Those who fail to learn from history are doomed to repeat it. So said Winston Churchill, surely anticipating the 2012 Formula 1 race in Austin, Texas.
F1 CEO Bernie Ecclestone announced the first race scheduled for the under-construction Circuit of the Americas track in Austin has been postponed from June 12 to Nov. 18, 2012. That makes sense, as anyone who's visited (or even read about) Texas in June could tell you.
But there's more behind this story than the current heat wave.
"We have ... moved Austin to November because it's 40 degrees (Celsius) there in summer," Ecclestone told Italian newspaper Gazzetta dello Sport. "We did not want to repeat the experience of Dallas."
So what happened in Dallas? (Aside from an appearance by the city's biggest celeb at the time, soap star Larry Hagman, a.k.a. J.R. Ewing.)
On July 8, 1984, Formula One descended upon Dallas' Fair Park. The city was ready to put on a show, but the heat created a crowd of skeptics. Brazilian driver Nelson Piquet, who was still recovering from a 1982 injury but never missed an opportunity to crack a joke, said he didn't know what would break first: the track, the cars or the drivers. The temporary rubber track was so hot, rumored at 150 degrees, it began bubbling and crumbling like an overcooked pound cake before qualifying even began.
The race would normally have started at 2 p.m., but 100 degree temperatures inspired a shift to 11 a.m., meaning a warm-up at 7 a.m. French driver Jaques Laffite showed his distaste for the early morning by arriving in his pj’s. Quelle horreur!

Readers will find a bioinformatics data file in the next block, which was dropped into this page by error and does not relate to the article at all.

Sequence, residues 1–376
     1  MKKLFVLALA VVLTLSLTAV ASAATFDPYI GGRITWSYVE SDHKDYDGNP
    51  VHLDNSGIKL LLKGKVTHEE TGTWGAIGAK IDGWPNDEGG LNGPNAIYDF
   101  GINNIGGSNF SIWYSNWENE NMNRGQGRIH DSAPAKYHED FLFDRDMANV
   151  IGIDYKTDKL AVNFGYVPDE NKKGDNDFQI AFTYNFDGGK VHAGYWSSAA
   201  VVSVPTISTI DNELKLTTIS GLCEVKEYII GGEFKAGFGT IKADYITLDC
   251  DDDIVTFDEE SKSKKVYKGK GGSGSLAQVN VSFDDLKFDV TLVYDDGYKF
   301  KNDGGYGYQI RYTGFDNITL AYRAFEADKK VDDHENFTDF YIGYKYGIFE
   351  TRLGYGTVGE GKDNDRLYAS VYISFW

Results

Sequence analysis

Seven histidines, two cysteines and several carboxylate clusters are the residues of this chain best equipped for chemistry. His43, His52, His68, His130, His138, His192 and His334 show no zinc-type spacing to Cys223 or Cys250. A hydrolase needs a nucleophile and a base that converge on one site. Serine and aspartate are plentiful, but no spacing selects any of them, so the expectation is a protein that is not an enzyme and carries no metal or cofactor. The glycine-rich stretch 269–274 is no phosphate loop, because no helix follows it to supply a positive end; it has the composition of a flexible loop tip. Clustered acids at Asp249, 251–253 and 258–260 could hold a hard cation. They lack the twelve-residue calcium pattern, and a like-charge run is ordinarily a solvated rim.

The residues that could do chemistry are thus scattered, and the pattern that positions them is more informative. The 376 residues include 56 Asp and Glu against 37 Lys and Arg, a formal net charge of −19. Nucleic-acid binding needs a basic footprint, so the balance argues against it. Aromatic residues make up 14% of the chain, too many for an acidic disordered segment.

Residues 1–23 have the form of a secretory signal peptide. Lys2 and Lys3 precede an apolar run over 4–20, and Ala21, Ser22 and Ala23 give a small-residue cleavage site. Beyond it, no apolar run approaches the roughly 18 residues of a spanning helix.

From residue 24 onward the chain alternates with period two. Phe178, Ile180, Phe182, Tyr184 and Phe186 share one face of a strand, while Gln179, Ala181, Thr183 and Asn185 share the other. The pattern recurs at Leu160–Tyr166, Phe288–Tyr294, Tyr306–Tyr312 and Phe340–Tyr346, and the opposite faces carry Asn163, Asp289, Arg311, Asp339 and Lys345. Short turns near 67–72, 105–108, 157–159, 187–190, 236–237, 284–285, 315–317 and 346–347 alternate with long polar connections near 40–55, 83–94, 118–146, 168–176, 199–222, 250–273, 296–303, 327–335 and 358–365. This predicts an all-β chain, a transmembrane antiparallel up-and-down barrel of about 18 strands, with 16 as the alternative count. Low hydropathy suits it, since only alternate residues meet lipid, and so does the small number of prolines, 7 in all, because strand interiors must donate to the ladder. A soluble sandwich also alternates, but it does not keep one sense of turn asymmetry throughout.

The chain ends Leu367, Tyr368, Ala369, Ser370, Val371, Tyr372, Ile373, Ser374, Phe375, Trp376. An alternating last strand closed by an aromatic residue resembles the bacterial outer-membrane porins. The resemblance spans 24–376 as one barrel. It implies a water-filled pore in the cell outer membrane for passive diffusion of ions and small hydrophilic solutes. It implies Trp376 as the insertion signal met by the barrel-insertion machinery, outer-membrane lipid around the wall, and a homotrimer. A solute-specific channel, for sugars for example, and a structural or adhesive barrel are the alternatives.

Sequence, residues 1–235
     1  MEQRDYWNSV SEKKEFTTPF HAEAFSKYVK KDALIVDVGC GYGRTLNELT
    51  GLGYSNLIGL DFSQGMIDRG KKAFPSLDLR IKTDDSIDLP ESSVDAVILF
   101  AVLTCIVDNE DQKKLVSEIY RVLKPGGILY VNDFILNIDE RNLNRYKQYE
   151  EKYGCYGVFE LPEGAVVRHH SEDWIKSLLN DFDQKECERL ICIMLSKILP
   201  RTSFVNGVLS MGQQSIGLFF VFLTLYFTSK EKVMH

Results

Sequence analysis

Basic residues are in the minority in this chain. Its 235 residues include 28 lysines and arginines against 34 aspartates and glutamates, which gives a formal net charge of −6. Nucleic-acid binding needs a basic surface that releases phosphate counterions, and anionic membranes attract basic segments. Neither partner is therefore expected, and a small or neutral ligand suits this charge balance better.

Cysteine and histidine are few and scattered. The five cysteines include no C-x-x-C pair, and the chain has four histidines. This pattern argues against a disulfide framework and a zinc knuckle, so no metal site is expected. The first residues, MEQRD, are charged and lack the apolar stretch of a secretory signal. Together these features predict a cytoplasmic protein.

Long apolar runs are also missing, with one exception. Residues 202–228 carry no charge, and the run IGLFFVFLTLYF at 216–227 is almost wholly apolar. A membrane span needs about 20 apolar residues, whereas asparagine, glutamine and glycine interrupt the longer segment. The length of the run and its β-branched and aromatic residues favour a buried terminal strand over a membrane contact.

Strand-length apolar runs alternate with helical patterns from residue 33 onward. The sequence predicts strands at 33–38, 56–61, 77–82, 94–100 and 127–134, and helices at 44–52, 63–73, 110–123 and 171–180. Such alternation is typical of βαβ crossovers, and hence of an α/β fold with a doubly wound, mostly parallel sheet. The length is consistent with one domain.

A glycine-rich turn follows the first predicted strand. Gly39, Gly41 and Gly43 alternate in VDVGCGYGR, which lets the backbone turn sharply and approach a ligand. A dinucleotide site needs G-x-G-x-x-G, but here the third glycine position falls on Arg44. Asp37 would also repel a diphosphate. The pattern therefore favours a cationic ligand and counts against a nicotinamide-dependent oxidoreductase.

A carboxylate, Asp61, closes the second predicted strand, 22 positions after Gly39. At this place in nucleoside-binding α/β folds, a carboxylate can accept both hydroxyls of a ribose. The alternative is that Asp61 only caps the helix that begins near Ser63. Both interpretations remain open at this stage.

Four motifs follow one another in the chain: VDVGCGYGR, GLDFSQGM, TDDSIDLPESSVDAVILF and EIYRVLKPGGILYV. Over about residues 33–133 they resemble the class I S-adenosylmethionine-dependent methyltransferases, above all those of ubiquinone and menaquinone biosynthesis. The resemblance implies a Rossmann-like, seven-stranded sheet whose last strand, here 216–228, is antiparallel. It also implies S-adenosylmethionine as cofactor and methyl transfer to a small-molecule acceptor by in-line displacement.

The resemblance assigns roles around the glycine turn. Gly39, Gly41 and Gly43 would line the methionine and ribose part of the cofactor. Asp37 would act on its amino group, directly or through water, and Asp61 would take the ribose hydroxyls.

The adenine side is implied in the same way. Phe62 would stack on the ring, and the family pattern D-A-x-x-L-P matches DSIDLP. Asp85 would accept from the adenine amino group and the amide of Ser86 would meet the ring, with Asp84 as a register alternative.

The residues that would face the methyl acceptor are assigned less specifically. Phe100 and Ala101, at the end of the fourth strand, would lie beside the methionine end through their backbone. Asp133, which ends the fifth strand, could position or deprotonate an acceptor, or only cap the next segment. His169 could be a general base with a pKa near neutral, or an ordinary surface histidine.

Finnish driver Keke Rosberg won the race, which hardly any other drivers could even finish. British driver Nigel Mansell ran out of fuel. Yet he still pushed his car to the finish, ensuring a sixth place finish before collapsing from heat exhaustion.
It was a day of cinematic memories that pushed Texas to the bottom of the Formula One barrel.
Fast forward to today, and the state capital has put Texas back on the racing map. June may not be as brutal as July, but Dallas meteorologist Brad Barton, who consults with the Texas Rangers on weather, says the 2012 delay is a smart move.
"June has one of those dangers in that people may not have become as inured to the heat as they are in July or August," Barton says. "People just aren't ready for that beating sunlight and heat. If there's no shade and all they have is the beverage they carry, it could be pretty dangerous standing out in the heat."
A track that stays intact. Drivers who stay conscious. Fans who can dress fashionably in layers. Just a few more things racing fans can be thankful for come Thanksgiving next year.